It’s arguable that this only became a major controversy, one that has slightly damaged Warren’s reputation and given right-wing pundits fuel, when Warren sought to challenge the president’s mocking of her and then make her DNA results public. She also received a strong rebuke from the Cherokee Nation, which stated that, “Senator Warren is undermining tribal interests with her continued claims of tribal heritage”. It could also be argued, however, that Warren is seeking to tout herself as open and transparent, a reality the current administration has been credibly accused of having difficulty with. Cherokee Nation subsequently accepted an apology Warren gave the group:

“Senator Warren has reached out to us and has apologized to the tribe. We are encouraged by this dialogue and understanding that being a Cherokee Nation tribal citizen is rooted in centuries of culture and laws not through DNA tests. We are encouraged by her action and hope that the slurs and mockery of tribal citizens and Indian history and heritage will now come to an end.”

Some on the right also like to accuse Senator Warren’s of being an east coast elite and call out her hypocrisy for championing the poor and middle class, given her considerable wealth. Yet, as Warren has rightly pointed out, her working-class roots are legitimate and she has worked hard to get where she is, typically acknowledging the help she’s received along the way, and how with the right policies in place, more poor and working-class Americans could achieve financial stability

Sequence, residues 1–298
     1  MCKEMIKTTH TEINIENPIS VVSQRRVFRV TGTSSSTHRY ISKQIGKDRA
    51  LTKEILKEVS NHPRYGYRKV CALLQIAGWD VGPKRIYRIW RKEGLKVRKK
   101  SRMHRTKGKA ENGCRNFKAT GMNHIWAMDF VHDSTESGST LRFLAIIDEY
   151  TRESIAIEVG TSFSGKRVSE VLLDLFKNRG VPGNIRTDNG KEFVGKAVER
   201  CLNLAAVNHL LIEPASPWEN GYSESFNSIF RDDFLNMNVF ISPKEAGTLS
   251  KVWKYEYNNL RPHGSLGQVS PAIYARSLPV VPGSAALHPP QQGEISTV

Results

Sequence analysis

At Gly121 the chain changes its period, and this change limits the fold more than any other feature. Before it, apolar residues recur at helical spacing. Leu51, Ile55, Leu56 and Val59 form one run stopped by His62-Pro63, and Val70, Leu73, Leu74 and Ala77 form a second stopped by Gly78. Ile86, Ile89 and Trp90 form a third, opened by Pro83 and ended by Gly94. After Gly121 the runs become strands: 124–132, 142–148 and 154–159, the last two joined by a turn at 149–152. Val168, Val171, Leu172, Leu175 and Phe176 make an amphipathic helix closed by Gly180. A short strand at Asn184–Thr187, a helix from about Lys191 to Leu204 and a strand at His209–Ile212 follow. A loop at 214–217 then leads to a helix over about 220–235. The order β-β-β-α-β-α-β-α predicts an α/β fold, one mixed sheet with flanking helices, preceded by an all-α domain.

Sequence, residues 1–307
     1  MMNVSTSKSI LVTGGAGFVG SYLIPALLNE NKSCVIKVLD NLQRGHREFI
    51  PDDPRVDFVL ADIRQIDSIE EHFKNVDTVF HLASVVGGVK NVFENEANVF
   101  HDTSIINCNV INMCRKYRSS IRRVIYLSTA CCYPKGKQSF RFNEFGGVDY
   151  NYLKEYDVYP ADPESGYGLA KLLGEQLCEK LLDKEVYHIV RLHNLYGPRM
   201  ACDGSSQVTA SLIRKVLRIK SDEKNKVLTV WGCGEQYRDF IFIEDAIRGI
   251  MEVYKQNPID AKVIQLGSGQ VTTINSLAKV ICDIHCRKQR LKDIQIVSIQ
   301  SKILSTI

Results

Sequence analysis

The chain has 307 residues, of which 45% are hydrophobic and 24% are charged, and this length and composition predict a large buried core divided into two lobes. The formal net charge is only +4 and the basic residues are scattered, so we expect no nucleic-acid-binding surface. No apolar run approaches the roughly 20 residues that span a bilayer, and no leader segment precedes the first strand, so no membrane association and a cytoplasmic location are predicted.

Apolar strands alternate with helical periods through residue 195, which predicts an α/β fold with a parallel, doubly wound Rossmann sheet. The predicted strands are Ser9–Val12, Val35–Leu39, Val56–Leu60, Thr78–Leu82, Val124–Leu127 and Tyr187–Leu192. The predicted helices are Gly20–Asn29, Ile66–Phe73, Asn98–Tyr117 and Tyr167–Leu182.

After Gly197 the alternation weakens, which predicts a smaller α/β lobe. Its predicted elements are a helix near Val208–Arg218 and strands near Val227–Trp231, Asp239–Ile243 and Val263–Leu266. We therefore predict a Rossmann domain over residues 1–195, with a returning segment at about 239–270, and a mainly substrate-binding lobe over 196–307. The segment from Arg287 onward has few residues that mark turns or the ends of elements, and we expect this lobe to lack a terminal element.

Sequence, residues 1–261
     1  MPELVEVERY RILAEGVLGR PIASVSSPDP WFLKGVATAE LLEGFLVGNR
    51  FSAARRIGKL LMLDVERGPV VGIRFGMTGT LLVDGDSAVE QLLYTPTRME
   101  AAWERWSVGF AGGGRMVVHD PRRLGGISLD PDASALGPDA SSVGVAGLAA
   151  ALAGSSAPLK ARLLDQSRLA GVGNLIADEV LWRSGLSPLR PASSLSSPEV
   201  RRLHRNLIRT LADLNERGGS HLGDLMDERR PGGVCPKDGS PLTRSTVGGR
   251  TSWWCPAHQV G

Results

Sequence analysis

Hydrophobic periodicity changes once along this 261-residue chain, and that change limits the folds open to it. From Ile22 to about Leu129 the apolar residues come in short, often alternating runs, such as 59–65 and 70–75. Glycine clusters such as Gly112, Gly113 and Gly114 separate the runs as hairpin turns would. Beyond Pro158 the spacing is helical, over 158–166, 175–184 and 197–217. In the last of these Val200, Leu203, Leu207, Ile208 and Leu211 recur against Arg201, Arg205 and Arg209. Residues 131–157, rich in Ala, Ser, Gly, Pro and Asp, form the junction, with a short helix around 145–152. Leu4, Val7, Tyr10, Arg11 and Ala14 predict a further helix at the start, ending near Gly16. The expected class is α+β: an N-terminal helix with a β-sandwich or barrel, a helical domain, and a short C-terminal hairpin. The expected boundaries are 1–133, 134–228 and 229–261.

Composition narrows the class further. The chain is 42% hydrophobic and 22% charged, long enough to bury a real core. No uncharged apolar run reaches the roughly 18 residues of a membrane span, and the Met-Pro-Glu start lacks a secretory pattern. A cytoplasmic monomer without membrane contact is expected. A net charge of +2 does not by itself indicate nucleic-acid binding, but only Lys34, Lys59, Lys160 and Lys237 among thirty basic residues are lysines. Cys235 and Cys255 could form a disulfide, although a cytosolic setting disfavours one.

Where does Elizabeth Warren come from?

At an early age, Warren established herself as both smart and hard working. To help her family with finances after her father’s heart attack, she began waiting tables at 13. At 16, she received a full debate scholarship to attend George Washington University. After two years of university, she moved to Texas with her first husband and earned a degree in speech pathology. She worked as a special education teacher before earning her law degree from Rutgers in 1976. Warren practiced law out of her living room before becoming a law professor. She’s taught at Rutgers, the University of Houston, University of Texas-Austin, University of Michigan, University of Pennsylvania, and finally at Harvard University.